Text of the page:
Assessment of microbial quality of raw cow's milk and antimicrobial susceptibility of selected milk-borne bacteria in Kilosa and Mvomero Districts, Tanzania
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Kanyeka, H.B. 2014. Assessment of microbial quality of raw cow's milk and antimicrobial susceptibility of selected milk-borne bacteria in Kilosa and Mvomero Districts, Tanzania. MSc thesis, Morogoro, Tanzania: Sokoine University of Agriculture.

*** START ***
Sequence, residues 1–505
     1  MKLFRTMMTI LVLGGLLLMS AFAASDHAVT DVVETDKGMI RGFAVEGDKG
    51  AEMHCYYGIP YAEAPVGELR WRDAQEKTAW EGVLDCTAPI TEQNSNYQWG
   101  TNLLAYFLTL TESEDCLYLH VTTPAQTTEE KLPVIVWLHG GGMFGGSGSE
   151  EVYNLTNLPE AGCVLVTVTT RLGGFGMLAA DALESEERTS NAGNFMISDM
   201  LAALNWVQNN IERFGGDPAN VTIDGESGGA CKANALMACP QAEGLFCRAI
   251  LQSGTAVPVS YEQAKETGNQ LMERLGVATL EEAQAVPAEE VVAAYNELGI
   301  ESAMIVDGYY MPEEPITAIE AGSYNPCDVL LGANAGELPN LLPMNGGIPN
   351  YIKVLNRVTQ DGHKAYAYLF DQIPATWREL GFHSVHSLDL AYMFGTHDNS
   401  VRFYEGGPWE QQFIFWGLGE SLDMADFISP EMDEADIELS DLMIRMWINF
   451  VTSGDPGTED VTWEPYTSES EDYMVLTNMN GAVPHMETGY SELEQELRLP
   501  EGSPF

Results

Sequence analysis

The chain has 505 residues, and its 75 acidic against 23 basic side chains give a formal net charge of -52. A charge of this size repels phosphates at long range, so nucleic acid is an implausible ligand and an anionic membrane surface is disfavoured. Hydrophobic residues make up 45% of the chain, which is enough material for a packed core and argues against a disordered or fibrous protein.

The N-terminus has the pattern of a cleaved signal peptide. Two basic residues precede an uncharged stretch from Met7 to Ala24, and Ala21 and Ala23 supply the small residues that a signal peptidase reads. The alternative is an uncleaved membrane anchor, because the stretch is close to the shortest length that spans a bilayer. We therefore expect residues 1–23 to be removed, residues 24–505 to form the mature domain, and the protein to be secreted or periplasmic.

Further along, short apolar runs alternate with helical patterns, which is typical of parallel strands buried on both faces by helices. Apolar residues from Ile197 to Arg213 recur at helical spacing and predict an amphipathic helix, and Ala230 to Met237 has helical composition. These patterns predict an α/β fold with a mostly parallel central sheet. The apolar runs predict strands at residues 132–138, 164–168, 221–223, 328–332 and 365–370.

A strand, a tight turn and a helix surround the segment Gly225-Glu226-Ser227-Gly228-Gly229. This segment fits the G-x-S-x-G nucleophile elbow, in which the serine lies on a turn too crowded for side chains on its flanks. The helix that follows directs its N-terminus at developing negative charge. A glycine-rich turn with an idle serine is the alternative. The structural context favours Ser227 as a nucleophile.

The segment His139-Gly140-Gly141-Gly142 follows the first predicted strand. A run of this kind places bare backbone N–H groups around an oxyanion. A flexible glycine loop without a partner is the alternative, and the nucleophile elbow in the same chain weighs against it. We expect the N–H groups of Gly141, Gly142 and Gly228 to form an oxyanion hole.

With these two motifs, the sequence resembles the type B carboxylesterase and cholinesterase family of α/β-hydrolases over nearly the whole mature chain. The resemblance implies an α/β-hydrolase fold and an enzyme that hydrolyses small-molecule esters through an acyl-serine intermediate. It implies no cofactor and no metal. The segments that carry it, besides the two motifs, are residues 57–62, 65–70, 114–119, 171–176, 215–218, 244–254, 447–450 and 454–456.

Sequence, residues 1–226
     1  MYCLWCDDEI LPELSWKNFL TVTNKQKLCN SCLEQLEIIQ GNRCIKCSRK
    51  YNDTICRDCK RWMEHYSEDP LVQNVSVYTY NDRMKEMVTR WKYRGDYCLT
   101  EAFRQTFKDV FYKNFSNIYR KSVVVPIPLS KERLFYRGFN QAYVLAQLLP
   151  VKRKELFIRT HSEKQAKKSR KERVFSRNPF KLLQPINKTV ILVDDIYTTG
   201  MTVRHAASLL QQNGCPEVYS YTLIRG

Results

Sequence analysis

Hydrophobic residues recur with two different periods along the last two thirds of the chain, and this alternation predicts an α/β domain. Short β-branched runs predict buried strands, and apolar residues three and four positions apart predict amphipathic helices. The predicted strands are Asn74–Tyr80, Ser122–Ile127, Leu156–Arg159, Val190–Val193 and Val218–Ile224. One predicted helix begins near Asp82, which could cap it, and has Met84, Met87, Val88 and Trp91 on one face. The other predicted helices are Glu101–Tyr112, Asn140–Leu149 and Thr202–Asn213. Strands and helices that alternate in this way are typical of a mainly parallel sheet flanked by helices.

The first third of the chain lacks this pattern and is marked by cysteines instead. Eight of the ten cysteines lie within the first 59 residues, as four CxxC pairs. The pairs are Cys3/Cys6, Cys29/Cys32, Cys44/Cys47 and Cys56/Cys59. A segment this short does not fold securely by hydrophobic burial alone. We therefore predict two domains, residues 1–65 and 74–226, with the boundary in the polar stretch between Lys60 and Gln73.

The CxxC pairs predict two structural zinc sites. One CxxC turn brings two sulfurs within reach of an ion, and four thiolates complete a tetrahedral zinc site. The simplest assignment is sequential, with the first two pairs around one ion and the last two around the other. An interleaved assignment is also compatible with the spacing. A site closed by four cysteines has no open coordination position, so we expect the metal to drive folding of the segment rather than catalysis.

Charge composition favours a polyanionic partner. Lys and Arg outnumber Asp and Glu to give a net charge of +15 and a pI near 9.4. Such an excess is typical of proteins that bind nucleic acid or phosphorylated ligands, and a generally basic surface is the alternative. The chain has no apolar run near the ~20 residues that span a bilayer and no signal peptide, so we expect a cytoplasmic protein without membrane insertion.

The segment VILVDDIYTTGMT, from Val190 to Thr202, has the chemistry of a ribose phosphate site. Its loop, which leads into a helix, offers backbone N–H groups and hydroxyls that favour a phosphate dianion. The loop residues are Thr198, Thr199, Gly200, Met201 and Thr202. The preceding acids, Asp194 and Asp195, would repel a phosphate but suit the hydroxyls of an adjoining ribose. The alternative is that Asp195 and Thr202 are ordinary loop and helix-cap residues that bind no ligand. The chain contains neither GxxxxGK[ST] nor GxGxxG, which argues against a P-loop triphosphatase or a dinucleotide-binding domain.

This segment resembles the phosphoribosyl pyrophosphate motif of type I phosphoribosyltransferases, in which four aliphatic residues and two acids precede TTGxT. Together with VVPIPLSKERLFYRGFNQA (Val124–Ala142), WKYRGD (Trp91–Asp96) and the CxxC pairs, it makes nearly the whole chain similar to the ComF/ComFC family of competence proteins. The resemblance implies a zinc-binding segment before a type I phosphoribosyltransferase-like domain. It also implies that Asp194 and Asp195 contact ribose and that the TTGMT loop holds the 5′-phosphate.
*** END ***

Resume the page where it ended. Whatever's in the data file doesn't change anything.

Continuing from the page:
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Milk is an important source of nutrients to human and animals, but due to its high water activity and nutritional value it serves as an excellent medium for growth of many kind of microorganisms under suitable conditions. The present cross sectional study was conducted to assess microbial quality of raw cow milk and to determine antimicrobial susceptibility of the selected common milk-borne bacteria in Kilosa and Mvomero districts, Morogoro region. A total of 56 respondents were interviewed and subsequently, milk samples were collected for laboratory analysis including microbial quality assessment and antimicrobial susceptibility tests. Results showed that, majority of small-scale livestock keepers were males with no formal education, managing their cattle in dirty environments, practicing extensive grazing system on communal grazing area and treat sick animals themselves. Common antimicrobial agents used were antibiotics. Several factors were observed to predispose milk to microbial contamination. Furthermore, results indicated that 33.9% of respondents consume milk from animals that are under medication, 94.6% of them did not adhere to withdrawal periods, 76.8% of respondents consume raw milk while 78.6% consume milk products made from raw milk. Generally, 85.7% of milk samples had significantly (P < 0.05) higher total bacterial count than the recommended level of 2.0 x 106 cfu/ml by EAC standards. Isolated bacteria included Listeria spp., Staphylococcus aureus, Escherichia coli, Salmonella spp., Pseudomonous aeruginosa and Proteus spp. All isolates were resistant to ampicillin but susceptible to gentamycin, and 91.2% of isolates showed multi-drug resistant to more than two antibiotic drugs. This study concludes that the quality of raw cow milk was poor; unhygienic practices and poor animal husbandry at farm level predispose farmers, consumers and the public to risk of contracting milk-borne infections and associated bacterial resistances. It is recommended that veterinarians, extension officers and all stakeholders should play their roles in order to ensure safe quality milk delivery to consumers.